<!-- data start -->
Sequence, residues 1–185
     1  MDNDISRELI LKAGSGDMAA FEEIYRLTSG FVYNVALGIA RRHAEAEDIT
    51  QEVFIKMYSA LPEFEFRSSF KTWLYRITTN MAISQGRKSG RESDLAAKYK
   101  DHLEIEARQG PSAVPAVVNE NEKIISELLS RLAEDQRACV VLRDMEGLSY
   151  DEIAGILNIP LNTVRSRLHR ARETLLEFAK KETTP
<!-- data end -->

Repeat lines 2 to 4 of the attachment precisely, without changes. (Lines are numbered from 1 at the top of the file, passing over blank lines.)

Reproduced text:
     1  MDNDISRELI LKAGSGDMAA FEEIYRLTSG FVYNVALGIA RRHAEAEDIT
    51  QEVFIKMYSA LPEFEFRSSF KTWLYRITTN MAISQGRKSG RESDLAAKYK
   101  DHLEIEARQG PSAVPAVVNE NEKIISELLS RLAEDQRACV VLRDMEGLSY